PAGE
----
Marketing In A Reputation Based Economy

Published On June 30, 2009 | By mbalogh | Uncategorized

Cred , short for street credit , slang for your reputation .  Defined as:  commanding a level of respect due to experience in or knowledge of issues affecting those environments.  Cred is traditionally associated with young, trendy people in urban areas.  Today in marketing 2.0, however, it’s a unit of exchange within the emerging reputation based economy.  Simple terms: more cred = more value; more value = more dedicated customers; more dedicated customers = more $$.  So, how’s your cred?

There are several different types of reputations on the Internet each impacting and being impacted by new media differently.  Google , for instance, bases a site’s reputation on how many other sites link to it.  If you want a higher ranking, get more and better sites to link to you.  In the blogosphere this is called the "echo chamber" due to the effect of syndication on rankings.  Ironic to the name, however, current SEO practices focus more on driving quality traffic from other sites over just any traffic from search engines.  Reputation boosting practices include hosting brand sponsored topic websites where interested individuals can gather and form a community, or social network.  This accomplishes two things for the brand.  First, by facilitating communication the brand creates and centralizes an active community and boosts awareness of the industry.  Second, by utilizing it’s own networking, the brand becomes an involved member who takes an active interest in the people gaining both credibility and awareness within the community.  This is especially important for emotional industries like pharma. where people can gather and share stories.  The key to successfully marketing in this environment is being the best.  Your job as a marketer is to facilitate relationships and communication, then let them choose you.

Slashdot and experts-exchange , on the other hand, establish credibility in a different, yet still automated, way.  They allow users to award points to other users to establish a more natural, organic, atmosphere of credibility.  Much like life, in this society if you want to gain credibility you need to earn it.  Once established, credibility within these networks gain you the advantages of prestige, trustworthiness, hire ranked posts, and the increased ability to improve your reputation.  A segment posted by someone with high credibility, for example, will automatically rank higher than someone with less and, therefore, will have the advantage of being spotted easier and read more often thereby granting the author more credibility in the future.  Much like spinning a flywheel , each positive interaction begets more positive interactions in the future.  This is especially important because, unlike search engines, you cannot pay for placement; you must earn your reputation.

Contrasting the previous two methods, Digg is based on a simple aggregate of users identifying a link as something they like, or "digging" it.  Every day thousands of individuals see something they like enough to go out of their way to digg it.  They do this because what they saw had some value to them.  In this society, if you want to have credibility, you need to have value.  Enough value to drive users to want to tell others about you.  Credibility in this arena gains you a dedicated following of individuals who regularly derive value from your work.  Those individuals tell others and your friend base grows.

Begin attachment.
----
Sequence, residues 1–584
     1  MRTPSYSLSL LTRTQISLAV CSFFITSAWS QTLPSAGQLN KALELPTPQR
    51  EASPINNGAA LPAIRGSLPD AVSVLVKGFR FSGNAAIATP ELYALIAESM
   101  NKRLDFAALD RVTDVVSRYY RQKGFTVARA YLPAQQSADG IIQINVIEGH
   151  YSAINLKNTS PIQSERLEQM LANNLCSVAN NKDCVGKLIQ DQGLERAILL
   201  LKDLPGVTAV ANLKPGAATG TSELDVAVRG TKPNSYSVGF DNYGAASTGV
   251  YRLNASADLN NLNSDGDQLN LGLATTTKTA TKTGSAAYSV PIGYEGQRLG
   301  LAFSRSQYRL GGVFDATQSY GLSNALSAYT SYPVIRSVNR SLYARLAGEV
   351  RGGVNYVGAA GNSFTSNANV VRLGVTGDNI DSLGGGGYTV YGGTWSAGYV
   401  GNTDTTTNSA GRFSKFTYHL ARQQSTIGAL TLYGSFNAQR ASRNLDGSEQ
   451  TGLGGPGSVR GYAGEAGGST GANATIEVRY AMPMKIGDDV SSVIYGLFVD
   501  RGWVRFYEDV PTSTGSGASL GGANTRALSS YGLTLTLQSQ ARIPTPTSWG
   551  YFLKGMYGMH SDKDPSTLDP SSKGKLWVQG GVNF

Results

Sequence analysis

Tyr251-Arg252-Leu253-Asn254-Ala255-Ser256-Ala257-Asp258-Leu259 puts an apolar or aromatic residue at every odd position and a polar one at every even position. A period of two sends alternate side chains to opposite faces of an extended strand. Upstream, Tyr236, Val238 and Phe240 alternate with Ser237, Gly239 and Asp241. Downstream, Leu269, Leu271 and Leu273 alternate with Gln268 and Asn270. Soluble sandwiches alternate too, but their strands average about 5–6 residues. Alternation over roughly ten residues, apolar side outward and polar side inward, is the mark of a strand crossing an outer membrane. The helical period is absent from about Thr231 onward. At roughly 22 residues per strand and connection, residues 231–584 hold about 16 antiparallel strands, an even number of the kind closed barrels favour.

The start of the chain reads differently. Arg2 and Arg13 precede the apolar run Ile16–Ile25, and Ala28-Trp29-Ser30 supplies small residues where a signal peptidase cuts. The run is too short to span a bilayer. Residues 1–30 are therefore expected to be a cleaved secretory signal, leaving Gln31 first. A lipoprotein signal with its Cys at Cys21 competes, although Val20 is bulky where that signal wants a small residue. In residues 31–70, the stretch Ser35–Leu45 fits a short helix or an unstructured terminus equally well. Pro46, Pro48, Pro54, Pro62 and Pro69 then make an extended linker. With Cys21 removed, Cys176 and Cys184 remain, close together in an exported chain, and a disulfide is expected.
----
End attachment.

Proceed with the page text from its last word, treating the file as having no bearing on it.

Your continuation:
Social reputation also consists of all the sites that allow users to collaboratively rate and give feedback about you.  Sites like Amazon and epinions combine a simple 5-star rating system with a short text area to facilitate individuals expressing their level of satisfaction.  Where historically business need only worry about a select few critics, now everyone’s a critic.  Restaurants, for example, formally sought to identify the media columnists to make sure their food was hot and the order was right.  Automobile manufactures only had to impress a select few magazines and reviewers.  Walmart went so far as to put commercials on television which emphasized what a great place it was to work.  No more.  Sell a bad product on amazon and people will know.  Sure it’s possible to influence this initially with staged postings, but that won’t last long and isn’t it easier just to deliver value?

The final part of your social reputation and credibility consists of everything else.  This is where all the bloggers who have an experience and write about it reside and where other bloggers syndicate the post.  This is where the photo of a bug in food you served falls.  This is where the youTube video of your employees goofing around or slacking off fits.  And this is where people can praise and recommend you.  This is where people can post links to your products.  This is where friends forward interesting emails.  This is the culmination of your brand reputation.

This is new media marketing.

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